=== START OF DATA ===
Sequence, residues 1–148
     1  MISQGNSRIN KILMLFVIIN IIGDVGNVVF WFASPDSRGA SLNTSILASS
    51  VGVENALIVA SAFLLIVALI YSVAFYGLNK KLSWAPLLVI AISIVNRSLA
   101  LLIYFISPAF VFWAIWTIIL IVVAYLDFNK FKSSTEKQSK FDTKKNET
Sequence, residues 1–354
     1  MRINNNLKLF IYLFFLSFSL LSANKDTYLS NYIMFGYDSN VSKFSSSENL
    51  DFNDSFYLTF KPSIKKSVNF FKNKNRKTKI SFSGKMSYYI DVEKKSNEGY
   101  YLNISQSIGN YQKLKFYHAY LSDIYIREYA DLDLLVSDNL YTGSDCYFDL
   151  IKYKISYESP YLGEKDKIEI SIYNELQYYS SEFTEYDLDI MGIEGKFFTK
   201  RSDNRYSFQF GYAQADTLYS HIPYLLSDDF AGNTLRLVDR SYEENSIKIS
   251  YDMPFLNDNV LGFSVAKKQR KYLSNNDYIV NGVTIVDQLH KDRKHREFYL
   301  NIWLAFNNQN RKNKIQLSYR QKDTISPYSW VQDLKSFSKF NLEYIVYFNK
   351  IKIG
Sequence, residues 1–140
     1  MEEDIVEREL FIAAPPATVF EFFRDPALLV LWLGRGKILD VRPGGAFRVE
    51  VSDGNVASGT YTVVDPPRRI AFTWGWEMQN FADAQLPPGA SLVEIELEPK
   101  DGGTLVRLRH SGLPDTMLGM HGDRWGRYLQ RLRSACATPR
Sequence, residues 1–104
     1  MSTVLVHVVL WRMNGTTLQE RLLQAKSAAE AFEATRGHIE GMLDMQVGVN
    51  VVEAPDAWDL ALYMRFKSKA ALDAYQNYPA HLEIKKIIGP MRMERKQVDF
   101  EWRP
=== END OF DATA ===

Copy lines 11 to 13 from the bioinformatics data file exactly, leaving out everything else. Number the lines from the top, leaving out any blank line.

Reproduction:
   251  YDMPFLNDNV LGFSVAKKQR KYLSNNDYIV NGVTIVDQLH KDRKHREFYL
   301  NIWLAFNNQN RKNKIQLSYR QKDTISPYSW VQDLKSFSKF NLEYIVYFNK
   351  IKIG